If Blue Moon Waterfront Grille were any other restaurant, they'd have changed the name by now. After all, a blue moon is what you call the second full moon in a calendar month, and we have reached at least the third incarnation of this dockside establishment on the Cumberland. But despite a two-decades-long record dotted with inconsistent food quality, inadequate bathroom facilities — and, let's not forget, a flood that finally swept the whole damn thing away — the Blue Moon name still carries so much goodwill and nostalgia that only the most unsentimental hearts would rebrand.
So when Noshville owner Tom Loventhal, Rock Harbor marina owner Fred Nance and Rainbow Key veterans Glen Smith and Dougie Ray (owner of Dougie Ray's in Rivergate) took over the unique restaurant setting, they decided to keep the name that worked and fix the things that didn't.
The result is a familiar but improved dining destination — albeit one where destination still eclipses dining.
In rebuilding the restaurant post-2010 flood, the new owners reoriented the structure to face out toward the river. They installed fountains to animate the water and prevent stagnation around the dock, and they built a system of winches that can raise and lower the dock as the water level changes.
Gently flapping sunscreens look like something envisioned by Christo. Vast red sheets like sails stretched overhead literally cast a rosy glow on the situation. (Though strong in visual impact, the shelter is feeble as protection against late-afternoon sun, so make your seating decisions wisely. Or wear a hat and sunglasses.)
The very mention of Blue Moon brings a swirl of music to mind, from the 1934 Rodgers and Hart song that shares its title to Nanci Griffith's "Once in a Very Blue Moon." Either of those ballads might waft across the waves as you dine dockside, depending on the shifting character of the passing boat traffic or the live music on the restaurant's stage. I take this detour into ambiance because Blue Moon is unlike other restaurants. With approximately one-half its seating bordering an aquatic thoroughfare of industrial barges, pontoon boats, yachts and paddleboards, it's more of a feast for the senses than the average dining room. Nature weighs in here in a way it doesn't in other places. There's the weather, ranging from blazing heat to chilling breeze; there's the light, subsiding from retina-searing rays to lazy lengthening shadows. And of course, there's the crowd, ranging from slow Sunday brunchers to rowdy boat people. It's never the same place twice.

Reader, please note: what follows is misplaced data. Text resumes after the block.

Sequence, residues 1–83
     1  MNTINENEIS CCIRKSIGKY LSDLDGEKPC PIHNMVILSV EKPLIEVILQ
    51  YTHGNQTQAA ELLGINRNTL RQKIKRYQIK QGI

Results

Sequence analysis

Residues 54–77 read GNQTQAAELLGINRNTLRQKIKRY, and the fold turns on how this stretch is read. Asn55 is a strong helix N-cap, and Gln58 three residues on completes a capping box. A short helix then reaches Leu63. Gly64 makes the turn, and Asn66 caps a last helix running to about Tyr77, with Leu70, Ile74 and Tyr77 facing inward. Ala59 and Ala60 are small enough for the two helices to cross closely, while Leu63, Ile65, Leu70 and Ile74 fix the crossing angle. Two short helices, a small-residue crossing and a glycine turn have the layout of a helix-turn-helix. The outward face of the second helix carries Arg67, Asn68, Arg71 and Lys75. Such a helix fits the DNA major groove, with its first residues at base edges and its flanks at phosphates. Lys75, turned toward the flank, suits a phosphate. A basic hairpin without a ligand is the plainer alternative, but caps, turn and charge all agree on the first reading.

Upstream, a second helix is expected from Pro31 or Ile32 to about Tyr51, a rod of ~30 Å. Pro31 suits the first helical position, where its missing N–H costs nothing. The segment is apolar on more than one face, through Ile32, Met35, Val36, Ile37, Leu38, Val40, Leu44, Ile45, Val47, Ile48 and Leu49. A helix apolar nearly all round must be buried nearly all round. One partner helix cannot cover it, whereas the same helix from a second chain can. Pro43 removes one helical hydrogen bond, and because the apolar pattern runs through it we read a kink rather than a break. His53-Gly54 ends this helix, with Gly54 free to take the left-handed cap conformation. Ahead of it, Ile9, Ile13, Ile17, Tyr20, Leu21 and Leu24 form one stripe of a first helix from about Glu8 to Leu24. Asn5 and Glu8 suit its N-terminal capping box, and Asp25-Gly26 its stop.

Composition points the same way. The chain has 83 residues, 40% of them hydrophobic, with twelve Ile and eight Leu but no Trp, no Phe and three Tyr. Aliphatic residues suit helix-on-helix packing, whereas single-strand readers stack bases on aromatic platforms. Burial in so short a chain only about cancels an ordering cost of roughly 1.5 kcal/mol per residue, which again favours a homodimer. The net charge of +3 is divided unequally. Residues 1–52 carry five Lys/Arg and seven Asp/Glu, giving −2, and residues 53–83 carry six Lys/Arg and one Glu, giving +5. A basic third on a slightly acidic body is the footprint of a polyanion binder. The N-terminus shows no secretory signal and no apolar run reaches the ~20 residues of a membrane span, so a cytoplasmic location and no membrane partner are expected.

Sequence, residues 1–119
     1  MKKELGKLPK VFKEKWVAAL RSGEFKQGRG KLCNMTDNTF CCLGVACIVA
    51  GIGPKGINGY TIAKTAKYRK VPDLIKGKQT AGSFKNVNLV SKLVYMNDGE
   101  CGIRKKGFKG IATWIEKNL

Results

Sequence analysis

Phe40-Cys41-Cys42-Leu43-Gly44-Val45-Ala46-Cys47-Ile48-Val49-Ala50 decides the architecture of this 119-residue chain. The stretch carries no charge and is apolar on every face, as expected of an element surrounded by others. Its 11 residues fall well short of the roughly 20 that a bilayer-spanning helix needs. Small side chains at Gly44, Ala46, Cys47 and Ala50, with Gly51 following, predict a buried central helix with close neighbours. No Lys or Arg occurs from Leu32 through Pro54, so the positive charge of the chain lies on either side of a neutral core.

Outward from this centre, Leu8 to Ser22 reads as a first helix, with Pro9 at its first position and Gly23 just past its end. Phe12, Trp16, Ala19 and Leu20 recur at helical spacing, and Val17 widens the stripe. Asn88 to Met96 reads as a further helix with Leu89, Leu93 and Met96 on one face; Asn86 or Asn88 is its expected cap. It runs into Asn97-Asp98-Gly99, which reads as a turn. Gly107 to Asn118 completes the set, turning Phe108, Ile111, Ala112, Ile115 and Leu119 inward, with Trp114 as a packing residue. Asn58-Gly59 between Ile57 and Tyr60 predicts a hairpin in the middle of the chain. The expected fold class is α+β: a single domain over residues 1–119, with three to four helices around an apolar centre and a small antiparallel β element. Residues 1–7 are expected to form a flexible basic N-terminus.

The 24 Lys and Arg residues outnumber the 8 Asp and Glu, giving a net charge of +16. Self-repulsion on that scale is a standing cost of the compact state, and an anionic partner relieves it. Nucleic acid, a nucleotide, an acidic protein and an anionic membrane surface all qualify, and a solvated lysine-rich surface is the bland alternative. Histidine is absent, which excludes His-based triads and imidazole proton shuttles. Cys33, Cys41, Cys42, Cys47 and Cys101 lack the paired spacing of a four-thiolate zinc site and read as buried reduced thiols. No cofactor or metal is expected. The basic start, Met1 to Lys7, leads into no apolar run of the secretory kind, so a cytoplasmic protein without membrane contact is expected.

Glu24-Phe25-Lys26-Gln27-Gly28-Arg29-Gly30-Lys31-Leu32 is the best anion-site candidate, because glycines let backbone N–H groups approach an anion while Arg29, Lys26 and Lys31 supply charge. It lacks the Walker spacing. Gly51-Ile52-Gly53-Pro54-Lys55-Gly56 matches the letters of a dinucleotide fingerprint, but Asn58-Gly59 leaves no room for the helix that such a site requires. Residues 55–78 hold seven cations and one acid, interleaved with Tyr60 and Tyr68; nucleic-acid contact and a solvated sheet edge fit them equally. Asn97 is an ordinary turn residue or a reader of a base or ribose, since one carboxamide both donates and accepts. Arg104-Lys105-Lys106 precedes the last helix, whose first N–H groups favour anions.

That said, fans of the old Blue Moon will recognize a few things from the old place. Grit cakes and a double-cut pork chop hearken back to favorite dishes from Blue Moon's grittier days. There's deep-fried lobster tail coated in an impressively greaseless batter and served with vibrant mango salsa. Reminiscent of Blue Moon's Twin Tails of yore, the sweet and tender shellfish is available as an appetizer or an entrée.